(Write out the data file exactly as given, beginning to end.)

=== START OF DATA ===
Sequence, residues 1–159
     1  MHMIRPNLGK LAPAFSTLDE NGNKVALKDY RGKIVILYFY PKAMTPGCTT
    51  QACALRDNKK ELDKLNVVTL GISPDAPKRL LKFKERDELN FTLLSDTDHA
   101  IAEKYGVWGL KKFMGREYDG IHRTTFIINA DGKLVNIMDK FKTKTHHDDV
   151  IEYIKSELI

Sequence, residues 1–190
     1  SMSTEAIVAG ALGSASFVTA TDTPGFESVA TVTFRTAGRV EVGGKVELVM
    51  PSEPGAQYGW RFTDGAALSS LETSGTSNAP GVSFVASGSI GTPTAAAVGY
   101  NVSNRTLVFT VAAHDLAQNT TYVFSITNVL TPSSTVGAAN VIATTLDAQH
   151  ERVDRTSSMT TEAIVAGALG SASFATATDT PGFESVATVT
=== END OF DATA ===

Sequence, residues 1–159
     1  MHMIRPNLGK LAPAFSTLDE NGNKVALKDY RGKIVILYFY PKAMTPGCTT
    51  QACALRDNKK ELDKLNVVTL GISPDAPKRL LKFKERDELN FTLLSDTDHA
   101  IAEKYGVWGL KKFMGREYDG IHRTTFIINA DGKLVNIMDK FKTKTHHDDV
   151  IEYIKSELI

Sequence, residues 1–190
     1  SMSTEAIVAG ALGSASFVTA TDTPGFESVA TVTFRTAGRV EVGGKVELVM
    51  PSEPGAQYGW RFTDGAALSS LETSGTSNAP GVSFVASGSI GTPTAAAVGY
   101  NVSNRTLVFT VAAHDLAQNT TYVFSITNVL TPSSTVGAAN VIATTLDAQH
   151  ERVDRTSSMT TEAIVAGALG SASFATATDT PGFESVATVT